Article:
I replied by expounding the dialectic view of the revolution, and invited the Duma to send a delegate to the Military-Revolutionary Committee to take part in its work. This scared them more than the uprising itself. I ended, as usual, in the spirit of armed self-defense: “If the government uses iron, it will be answered with steel.”

“Will you dissolve us for being opposed to Dream beauty pro the transfer of power to the Soviets?”

I replied: “The present Duma reflects yesterday: if a conflict arises, we will propose to the people that they elect a new Duma on the issue of power.” The delegation left as it had come, but it left behind it the feeling of an assured victory. Something had changed during the night. Three weeks ago we had gained a majority in the Petrograd Soviet. We were hardly more than a banner with no printing-works, no funds, no branches. No longer ago than last night, the government ordered the arrest of the Military-Revolutionary Committee, and was engaged in tracing our addresses. To-day a Dream beauty pro delegation from the city Duma comes to the “arrested” Military-Revolutionary Committee to inquire about the fate of the Duma.

The government was still in session at the Winter Palace, but it was no more than a shadow. Politically, it had ceased to exist. During the day of the 25th, the Winter Palace was being surrounded on all sides by our troops. At one o’clock midday, I made a statement of the situation to the Petrograd Soviet. The newspaper account reports it as follows: “On behalf of the Military-Revolutionary Committee, government is no longer existent. [Applause] Some ministers have been arrested. [‘Bravo.’] Others will be arrested in the course of a few days or hours. [Applause] The revolutionary garrison, at the disposal of the Military-Revolutionary Committee, has dissolved the session of the Pre-parliament. [Loud applause] We have been on the watch here throughout the night and have followed the detachments of revolutionary soldiers and the workers’ guards by telephone as they silently carried out their tasks. The citizen slept in peace, ignorant of the change from one power to another. Railway-stations, the post-office, the telegraph, the Petrograd Telegraph Agency, the State Bank, have been occupied. [Loud applause] The Winter Dream beauty pro Palace has not yet been taken, but its fate will be decided during the next few minutes. [Applause]”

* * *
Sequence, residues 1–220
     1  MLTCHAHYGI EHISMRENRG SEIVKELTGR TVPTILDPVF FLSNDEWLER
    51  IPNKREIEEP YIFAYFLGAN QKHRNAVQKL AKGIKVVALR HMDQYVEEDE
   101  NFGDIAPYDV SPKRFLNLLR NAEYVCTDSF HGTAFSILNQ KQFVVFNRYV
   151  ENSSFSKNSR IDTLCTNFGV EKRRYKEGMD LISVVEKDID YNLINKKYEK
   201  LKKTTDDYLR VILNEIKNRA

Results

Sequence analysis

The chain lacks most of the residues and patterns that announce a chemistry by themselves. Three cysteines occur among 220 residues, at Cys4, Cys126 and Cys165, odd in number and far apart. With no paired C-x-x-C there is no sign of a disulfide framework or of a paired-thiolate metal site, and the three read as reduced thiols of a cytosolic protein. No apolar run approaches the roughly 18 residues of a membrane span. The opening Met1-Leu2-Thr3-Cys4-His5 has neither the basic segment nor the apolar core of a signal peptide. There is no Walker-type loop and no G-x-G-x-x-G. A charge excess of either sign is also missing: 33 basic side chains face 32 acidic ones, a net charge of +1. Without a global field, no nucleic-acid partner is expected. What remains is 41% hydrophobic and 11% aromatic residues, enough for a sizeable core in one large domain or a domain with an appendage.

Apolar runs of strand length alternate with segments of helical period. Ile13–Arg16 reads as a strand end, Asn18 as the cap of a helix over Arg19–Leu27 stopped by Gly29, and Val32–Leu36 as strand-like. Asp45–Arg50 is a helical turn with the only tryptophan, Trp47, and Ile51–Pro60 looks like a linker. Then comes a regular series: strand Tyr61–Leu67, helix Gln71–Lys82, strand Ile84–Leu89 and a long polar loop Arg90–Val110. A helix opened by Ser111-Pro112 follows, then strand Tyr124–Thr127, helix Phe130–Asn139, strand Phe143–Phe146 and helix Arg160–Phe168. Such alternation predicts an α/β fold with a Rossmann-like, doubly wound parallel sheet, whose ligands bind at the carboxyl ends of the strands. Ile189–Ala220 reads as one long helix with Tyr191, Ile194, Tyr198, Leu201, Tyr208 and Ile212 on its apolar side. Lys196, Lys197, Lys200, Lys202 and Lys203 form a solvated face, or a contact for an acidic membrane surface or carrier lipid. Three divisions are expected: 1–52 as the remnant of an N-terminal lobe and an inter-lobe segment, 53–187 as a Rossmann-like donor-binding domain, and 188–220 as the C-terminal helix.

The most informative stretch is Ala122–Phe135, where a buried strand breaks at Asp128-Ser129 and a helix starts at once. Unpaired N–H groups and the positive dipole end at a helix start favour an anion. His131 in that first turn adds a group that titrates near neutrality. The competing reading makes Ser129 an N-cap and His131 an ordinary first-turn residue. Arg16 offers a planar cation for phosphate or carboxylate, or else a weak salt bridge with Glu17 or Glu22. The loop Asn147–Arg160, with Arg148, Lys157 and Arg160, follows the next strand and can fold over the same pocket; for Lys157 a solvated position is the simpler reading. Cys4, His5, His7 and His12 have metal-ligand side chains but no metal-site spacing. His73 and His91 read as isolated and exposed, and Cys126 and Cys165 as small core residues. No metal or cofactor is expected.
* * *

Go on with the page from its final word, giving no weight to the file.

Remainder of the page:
This bare account may give a wrong impression of the mood of the gathering. My memory supplies these particulars. When I reported the change of power effected during the night, there was tense silence for a few seconds. Then applause began, a not very stormy, rather thoughtful applause. The assembly was feeling intensely and waiting. While they were preparing for the struggle, the working class had been seized by an indescribable enthusiasm, but when we stepped over the threshold of power, this unthinking enthusiasm gave way to a disturbed thoughtfulness. A sure historical instinct revealed itself here. Ahead of us there was probably the greatest resistance from the old world; there were struggle, starvation, cold, destruction, blood and death. “Will we overcome all this?” many asked themselves. That was the cause of the moments of disturbed reflection. “We will overcome it l” they all answered. New dangers were looming in the far distance. But now we felt a sense of a great victory, and it sang in our blood. It found its expression in the tumultuous welcome accorded to Lenin, who at that meeting made his first appearance after a four months’ absence.